- Patty McHugh
“The love of gardening is a seed once sown that never dies.” Gertrude Jekyll
Today, January 15th, Ron Brown demonstrated Ikebana, the Japanese art of flower arrangement. His is a unique talent and his visit is a real treat for our club. We hope you all enjoyed and are inspired by his presentation.
Our February meeting will be held Tuesday, February 19th.
Topic and speaker will be announced in the February 1st and 15th garden club Oakmont News article.
JANUARY IN THE GARDEN
As anyone who has gardened for a while knows, when spring arrives everything comes alive in a great rush. If we don’t take every opportunity in the winter months to get a handle on it, we can become overwhelmed with spring garden work – at a time when we just want to putter in and enjoy our garden. Since we are, after all, seniors, it’s perfectly alright to direct others do this work for us – it’s still gardening.
In the last column we covered dormant rose and fruit tree pruning but there’s more to do:
* To add to last article’s rose pruning tips: If you have hybrid tea roses, these should be cut back to about 1 foot, leaving only 3 strong, healthy canes. This is hard, we know, but hybrid teas bloom on this season’s growth and you will be rewarded.
* January is the prime time for pruning deciduous flowering vines and shade trees. Japanese maples are most beautiful when they are pruned to be “see through” – this will emphasize their graceful shape and delicate leaf structure. Strive for ‘layers’ with plenty of space between them and remove branches or stems that crowd the center of the tree or are too numerous in an area. Olive trees, while not deciduous, may also be pruned now and they, too, look their best when their irregular structure is exposed. Don’t be afraid to prune back heavily – they will bounce back.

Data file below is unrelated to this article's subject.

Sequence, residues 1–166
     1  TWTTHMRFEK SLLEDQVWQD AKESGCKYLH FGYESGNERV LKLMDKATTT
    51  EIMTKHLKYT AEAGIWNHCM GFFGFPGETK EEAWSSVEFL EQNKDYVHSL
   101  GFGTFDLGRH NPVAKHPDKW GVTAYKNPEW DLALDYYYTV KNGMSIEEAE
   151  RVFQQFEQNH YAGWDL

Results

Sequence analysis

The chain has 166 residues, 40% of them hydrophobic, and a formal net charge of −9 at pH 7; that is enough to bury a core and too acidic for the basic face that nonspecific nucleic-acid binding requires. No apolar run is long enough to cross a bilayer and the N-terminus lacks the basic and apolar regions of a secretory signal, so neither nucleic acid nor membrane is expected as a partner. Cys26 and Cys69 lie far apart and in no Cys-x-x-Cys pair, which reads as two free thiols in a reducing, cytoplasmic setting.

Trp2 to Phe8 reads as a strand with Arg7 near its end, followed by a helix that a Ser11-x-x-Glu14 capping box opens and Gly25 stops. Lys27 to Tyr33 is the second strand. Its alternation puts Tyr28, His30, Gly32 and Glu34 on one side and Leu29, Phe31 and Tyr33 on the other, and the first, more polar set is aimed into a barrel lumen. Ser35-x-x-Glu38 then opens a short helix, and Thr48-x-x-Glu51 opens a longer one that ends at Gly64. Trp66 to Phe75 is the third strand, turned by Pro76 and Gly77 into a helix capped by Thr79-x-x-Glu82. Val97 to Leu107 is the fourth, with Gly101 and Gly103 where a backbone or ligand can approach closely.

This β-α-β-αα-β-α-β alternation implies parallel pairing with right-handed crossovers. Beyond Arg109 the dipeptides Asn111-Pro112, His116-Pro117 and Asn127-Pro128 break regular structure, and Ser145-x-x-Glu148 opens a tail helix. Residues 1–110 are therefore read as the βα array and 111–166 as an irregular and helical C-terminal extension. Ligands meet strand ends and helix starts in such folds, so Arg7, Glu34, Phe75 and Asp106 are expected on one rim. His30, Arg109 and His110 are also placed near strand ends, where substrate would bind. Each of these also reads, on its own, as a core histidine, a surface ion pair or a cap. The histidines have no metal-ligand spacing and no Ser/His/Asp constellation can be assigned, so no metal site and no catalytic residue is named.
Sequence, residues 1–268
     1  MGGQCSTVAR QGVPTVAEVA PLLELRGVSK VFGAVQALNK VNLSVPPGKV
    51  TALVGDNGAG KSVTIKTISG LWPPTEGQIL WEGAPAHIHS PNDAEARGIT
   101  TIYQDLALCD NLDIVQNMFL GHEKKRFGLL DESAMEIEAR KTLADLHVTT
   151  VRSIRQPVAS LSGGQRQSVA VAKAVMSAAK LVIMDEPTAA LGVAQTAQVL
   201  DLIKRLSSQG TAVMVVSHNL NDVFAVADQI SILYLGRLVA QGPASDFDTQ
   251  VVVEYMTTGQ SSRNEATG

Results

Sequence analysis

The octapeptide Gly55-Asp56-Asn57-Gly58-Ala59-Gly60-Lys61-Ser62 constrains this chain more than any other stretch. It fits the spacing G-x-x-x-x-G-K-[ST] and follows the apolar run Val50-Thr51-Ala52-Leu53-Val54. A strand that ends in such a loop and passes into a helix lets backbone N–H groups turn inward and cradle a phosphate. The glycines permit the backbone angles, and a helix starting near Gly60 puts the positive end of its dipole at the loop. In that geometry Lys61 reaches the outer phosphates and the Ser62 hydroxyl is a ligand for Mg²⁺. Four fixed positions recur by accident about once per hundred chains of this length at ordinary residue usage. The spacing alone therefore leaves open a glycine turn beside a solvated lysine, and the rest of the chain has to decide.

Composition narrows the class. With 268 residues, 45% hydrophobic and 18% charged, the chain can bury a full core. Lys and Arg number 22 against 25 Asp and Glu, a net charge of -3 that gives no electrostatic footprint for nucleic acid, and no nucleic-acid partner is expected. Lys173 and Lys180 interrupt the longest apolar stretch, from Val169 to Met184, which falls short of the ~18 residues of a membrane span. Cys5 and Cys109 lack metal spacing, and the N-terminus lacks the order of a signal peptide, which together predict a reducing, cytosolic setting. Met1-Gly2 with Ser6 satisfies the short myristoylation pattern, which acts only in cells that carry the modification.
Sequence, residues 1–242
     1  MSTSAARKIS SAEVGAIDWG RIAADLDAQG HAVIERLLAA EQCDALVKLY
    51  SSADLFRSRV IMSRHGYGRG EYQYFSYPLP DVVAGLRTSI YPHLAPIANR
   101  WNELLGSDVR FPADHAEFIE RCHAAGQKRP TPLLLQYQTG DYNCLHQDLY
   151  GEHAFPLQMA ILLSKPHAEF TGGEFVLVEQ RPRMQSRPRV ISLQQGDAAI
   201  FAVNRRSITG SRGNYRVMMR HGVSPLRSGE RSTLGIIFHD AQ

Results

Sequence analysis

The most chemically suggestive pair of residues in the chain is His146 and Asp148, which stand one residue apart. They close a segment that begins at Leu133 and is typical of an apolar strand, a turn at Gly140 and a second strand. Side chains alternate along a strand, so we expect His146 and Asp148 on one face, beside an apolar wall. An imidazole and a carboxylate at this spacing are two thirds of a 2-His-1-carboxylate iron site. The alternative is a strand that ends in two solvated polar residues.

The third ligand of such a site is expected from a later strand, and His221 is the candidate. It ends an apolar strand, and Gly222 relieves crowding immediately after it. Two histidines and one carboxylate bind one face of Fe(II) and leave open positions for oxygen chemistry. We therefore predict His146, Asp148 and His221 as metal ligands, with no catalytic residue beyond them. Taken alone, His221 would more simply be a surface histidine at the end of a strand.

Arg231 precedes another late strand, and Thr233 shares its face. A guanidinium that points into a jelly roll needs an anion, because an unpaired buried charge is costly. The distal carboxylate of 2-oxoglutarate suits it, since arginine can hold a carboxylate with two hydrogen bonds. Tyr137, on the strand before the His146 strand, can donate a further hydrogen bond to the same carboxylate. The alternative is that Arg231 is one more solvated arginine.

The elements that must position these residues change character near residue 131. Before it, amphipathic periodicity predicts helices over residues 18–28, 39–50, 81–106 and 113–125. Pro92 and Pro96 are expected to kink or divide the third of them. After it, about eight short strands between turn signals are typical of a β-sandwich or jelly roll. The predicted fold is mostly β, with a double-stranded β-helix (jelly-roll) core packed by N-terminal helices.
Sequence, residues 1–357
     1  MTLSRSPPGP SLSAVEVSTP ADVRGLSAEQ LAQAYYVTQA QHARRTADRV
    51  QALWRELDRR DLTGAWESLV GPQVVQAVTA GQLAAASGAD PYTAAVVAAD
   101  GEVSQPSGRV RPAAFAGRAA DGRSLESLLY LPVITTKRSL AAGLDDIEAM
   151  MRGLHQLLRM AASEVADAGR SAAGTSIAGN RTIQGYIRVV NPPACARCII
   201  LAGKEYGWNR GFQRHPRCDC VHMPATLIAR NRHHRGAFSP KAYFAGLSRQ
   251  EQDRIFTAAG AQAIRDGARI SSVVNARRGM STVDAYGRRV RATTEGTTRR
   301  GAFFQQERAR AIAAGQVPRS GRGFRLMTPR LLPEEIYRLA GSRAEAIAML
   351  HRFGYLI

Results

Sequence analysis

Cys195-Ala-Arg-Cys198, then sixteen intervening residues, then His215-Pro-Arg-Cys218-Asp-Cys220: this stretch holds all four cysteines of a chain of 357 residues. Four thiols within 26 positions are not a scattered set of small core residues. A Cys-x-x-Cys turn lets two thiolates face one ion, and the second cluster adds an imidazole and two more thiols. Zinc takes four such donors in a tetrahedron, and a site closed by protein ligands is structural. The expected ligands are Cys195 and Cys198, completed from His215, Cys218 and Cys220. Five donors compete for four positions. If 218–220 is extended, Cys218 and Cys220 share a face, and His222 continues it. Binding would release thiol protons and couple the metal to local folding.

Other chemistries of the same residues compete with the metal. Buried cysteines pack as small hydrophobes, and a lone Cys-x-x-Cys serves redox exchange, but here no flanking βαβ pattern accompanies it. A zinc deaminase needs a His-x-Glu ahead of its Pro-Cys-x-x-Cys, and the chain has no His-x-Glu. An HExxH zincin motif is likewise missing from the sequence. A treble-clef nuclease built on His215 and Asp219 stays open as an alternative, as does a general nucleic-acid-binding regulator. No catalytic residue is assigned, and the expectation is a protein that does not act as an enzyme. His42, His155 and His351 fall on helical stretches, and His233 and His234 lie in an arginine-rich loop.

* For all deciduous pruning use pruning shears for branches/stems up to ¾” in diameter, loppers for branches ¾ to 1” in diameter, and a pruning saw for branches more than 1” in diameter.
* Lavender, cotoneaster, barberry, potato vine, grape vine, wisteria and honeysuckle may all be pruned this month for shape and to remove dead wood.
* Grasses may also be cut back to a few inches this month and next.
Except for removal of dead wood, this is not the time to prune lilac, forsythia, flowering quince, rhododendron, or any other spring blooming plant. These plants bloom on one-year and older growth. If you prune them now, they will not bloom this spring.
Annual Garden Club dues are payable annually in January. Dues are $8 per person, $12 per couple. Make your check for 2019 payable to the Oakmont Garden Club and place in the Garden Club folder at the Oakmont Village administrative office.